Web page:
RTTNews - The Asian markets ended in the positive territory on Wednesday following cues from Wall Street where the major indices ended modestly higher lifted by better than expected consumer confidence index and S&P/Case-Shiller home price index. Better-than-expected earnings from Chinese companies and positive closing in Shanghai also lifted market sentiment.

In Japan, the benchmark Nikkei 225 Index rose to a 11-month high and ended at 10,640, representing a gain of 142.35 points, or 1.35%, while the broader Topix index of all first section stocks rose 10.48 points, or 1.09%, to 976.

On the economic front, the Ministry of Finance revealed that merchandise trade balance surplus for July was 380.2 billion yen, slightly below the 390 billion yen surplus forecast following the revised 507.5 billion surplus in June. July exports decreased 36.5% compared to a year earlier, versus forecasts for a 38.4% annual decline after the 35.7% contraction in June. Exports fell 1.3% month-on-month, the first monthly drop in two months. Imports in July declined 40.8% year-on-year, beating expectations for a 42.5% annual decline after the 41.9% fall in the previous month.

In a separate report, the Bank of Japan, in a preliminary report, said that an index measuring corporate services prices in the country declined 3.4% year-on-year during July.

Automakers advanced on expectations of rise in demand. Toyota Motor gained 1.48% after the company revealed that it is contemplating to reduce the overall global production, that might result in reducing its losses. Honda Motor added 0.67%, Nissan Motor advanced 0.74%, and Mitsubishi Motor rose 0.59%.

Bank stocks also ended higher on optimism about recovery. Mitsubishi UFJ Financial added 0.51%, Mizuho Financial climbed 0.44%, Resona Holdings advanced 0.78% and Sumitomo Mitsui Financial rose 0.99%.

Trading stocks also advanced on optimism about recovery. Toyota Tsusho Corp. rose 3.02%, Sumitomo Corp. advanced 0.92%, Mitsui & Co., added 0.40% and Itochu Corp. gained 0.44%.

Reports in the press revealed that NEC Corp, Hitachi and Mitsubishi Electric Corp. are finalizing an agreement to provide $2.1 billion in finance aid to NEC Electronics which is pursuing a merger with Renasas to become the largest chipmaker in the country. NEC Corp. advanced 3.02%, Hitachi Ltd added 0.30% and Mitsubishi Electric Corp. remained unchanged from previous close.

In Australia, the benchmark S&P/ASX200 Index gained 1.11% or 48.70 points to close at 4,454, while the All-Ordinaries Index ended at 4,464, representing a gain of 46.90 points, or 1.06%.

On the economic front, the Australian Bureau of Statistics revealed that construction work done recorded a decrease in the June quarter marking a second straight quarterly decrease. According to the report, construction work was down a seasonally adjusted 0.1% quarter-over-quarter, a slower rate of fall compared to the 2.2% fall reported in the March quarter. The quarterly decrease was smaller than economists' forecast of a 3% decline.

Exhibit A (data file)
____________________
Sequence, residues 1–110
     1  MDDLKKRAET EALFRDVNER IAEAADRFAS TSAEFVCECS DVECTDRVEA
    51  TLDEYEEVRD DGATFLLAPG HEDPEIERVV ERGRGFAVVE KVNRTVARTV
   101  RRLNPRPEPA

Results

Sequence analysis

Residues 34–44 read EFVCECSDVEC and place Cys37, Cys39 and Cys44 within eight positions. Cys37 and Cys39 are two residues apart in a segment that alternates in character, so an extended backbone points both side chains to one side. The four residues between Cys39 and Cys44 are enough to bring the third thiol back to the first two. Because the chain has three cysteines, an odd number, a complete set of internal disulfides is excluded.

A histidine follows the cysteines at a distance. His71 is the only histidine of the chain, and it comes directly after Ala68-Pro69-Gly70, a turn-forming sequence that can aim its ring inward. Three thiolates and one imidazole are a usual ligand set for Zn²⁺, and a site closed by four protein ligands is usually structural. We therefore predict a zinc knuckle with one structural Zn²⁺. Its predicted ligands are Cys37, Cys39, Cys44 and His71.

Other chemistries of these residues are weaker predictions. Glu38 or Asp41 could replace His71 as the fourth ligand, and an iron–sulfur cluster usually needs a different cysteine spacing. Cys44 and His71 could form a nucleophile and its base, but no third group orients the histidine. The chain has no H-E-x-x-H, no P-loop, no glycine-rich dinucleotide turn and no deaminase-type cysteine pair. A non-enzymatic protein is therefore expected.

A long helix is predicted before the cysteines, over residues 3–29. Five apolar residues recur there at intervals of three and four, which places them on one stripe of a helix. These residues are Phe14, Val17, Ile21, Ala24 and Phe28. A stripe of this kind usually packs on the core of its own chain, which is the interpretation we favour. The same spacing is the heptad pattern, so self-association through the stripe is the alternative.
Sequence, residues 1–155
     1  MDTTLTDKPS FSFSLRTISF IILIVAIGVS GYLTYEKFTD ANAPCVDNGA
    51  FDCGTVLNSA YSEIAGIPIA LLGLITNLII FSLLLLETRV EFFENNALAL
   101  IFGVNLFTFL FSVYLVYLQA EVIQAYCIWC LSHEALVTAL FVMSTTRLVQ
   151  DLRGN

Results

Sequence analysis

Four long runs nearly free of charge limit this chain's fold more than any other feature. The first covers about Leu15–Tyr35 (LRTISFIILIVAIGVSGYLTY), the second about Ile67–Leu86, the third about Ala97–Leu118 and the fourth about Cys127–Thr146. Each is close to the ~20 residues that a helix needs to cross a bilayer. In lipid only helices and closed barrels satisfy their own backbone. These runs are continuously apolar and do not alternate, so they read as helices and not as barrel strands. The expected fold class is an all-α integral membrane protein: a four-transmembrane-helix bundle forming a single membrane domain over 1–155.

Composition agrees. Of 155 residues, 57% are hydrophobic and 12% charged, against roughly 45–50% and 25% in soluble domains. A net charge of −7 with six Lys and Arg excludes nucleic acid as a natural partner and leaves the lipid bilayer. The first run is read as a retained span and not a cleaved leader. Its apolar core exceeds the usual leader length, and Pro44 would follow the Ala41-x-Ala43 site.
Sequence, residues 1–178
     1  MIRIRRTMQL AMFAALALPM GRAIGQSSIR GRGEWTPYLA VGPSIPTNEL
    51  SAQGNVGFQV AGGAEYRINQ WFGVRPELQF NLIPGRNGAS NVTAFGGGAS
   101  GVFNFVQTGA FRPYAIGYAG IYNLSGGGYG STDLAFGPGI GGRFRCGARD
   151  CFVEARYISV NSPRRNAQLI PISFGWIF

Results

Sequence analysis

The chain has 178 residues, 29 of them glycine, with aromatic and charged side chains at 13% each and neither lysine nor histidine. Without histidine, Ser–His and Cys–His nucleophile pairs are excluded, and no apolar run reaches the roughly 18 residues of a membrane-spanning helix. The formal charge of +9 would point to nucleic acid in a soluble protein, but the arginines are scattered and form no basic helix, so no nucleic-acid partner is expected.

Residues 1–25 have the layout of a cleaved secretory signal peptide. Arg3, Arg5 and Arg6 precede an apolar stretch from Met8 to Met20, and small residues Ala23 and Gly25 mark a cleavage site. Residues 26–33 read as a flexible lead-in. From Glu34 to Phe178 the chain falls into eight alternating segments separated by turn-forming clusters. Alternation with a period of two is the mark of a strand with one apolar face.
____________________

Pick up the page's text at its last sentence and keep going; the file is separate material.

In a separate report, the Department of Employment and Workplace Relations or DEWR revealed that Job vacancies for skilled workers in the country increased in August by 1.0% over July.

Westfield Group, the biggest owner of shopping centers, reported a 12.1% gain in operating profit for the first half of the year. The company, which earns a third of its revenue from the 55 malls it owns in the U.S., gained 4.66%. Among other property stocks, Stockland surged up 5.40%, GPT Group soared 7.48% and Mirvac Group rose 6.48%.

Transfield Services, provider of maintenance services to miners and utilities, surged up 9.20% following the announcement of 12-year contract from Ontario Ministry of Transportation.

Consolidated Media Services soared 11.95% after announcing the sale of its stake in Seek Limited, provider of Internet services. The shares of Seek declined 3.18% on huge volumes.

Metals and mining stocks ended in positive territory. BHP Billiton gained 0.93%, Fortescue Metals added 0.45%, Gindalbie Metals rose 3.11%, Illuka Resources surged up 8.28%, Oz Minerals advanced 2.68% and Rio Tinto increased 0.92%.

Energy stocks ended mixed following sharp drop in crude oil prices. Woodside Petroleum edged down 0.02% and Oil Search shed 0.99%. However, Santos added 0.39% and Origin Energy rose 2.08%. Banks also ended higher. ANZ Bank added 0.86%, Commonwealth Bank of Australia gained 0.70%, National Australia Bank edged up 0.37% and Westpac Banking rose 1.03%.

In Hong Kong, the Hang Seng Index ended in positive territory with a gain of 21.08 points, or 0.10% at 20,456, taking cues from Wall Street where positive economic data lifted recovery hopes. Positive earnings from companies in mainland China also lifted market sentiment. Profit taking on valuation concerns amid volatile trading however limited the gains, with property and bank stocks showing weakness.

In South Korea, the benchmark KOSPI Index ended at 1,614, up 12.74 points, or 0.80% following Wall Street cues on optimism about growth. Steel and shipping stocks attracted buying interest while profit taking in automotive stocks limited the gains.

Strong buying in IT stocks on the back of better-than-expected U.S. economic data and short covering a day before the expiry of current month derivatives contracts helped the Indian market end higher for the 5th straight session. The BSE Sensex climbed 81 points, or 0.52% to close at 15,770 and the S&P CNX Nifty rose 21 points or 0.46% to 4,681.

Among the other major markets in the region, China's Shanghai Composite Index advanced 1.78% or 51.79 points, to 2,968, and Singapore's Strait Times Index added 9.67 points, or 0.37% to close at 2,628. Taiwan's Weighted Index declined 90.20 points, or 1.32% to close at 6,719, and Indonesia's Jakarta Composite Index edged down 0.02% or 0.43 points to close at 2,380.

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